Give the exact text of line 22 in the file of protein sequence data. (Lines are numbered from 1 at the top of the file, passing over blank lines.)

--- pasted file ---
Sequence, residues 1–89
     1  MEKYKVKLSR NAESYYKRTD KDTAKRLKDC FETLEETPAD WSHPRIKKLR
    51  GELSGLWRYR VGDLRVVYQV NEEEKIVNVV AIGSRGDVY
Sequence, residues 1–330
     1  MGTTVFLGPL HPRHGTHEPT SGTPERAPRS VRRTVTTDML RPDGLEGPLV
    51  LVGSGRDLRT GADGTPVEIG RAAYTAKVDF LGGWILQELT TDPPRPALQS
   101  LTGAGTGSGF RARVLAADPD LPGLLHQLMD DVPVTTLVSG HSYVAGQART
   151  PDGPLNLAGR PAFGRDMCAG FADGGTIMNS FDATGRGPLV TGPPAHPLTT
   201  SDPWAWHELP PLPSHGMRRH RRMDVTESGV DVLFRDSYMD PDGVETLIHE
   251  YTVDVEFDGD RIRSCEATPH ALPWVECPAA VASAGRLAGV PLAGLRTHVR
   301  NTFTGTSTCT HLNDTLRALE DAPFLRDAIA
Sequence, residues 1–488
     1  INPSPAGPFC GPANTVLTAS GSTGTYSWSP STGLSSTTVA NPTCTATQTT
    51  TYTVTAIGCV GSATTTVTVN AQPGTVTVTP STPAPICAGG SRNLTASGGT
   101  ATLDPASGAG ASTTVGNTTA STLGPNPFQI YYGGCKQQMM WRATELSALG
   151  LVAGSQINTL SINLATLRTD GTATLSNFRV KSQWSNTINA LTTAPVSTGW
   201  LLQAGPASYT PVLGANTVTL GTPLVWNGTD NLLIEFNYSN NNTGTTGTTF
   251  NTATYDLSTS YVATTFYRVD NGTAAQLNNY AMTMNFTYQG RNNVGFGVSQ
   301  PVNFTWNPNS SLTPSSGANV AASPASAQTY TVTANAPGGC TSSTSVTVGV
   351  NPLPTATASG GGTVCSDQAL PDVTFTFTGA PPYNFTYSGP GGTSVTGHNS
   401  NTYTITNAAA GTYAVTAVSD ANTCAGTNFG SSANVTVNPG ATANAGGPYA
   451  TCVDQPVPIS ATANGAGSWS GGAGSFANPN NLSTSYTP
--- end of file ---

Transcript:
   451  TCVDQPVPIS ATANGAGSWS GGAGSFANPN NLSTSYTP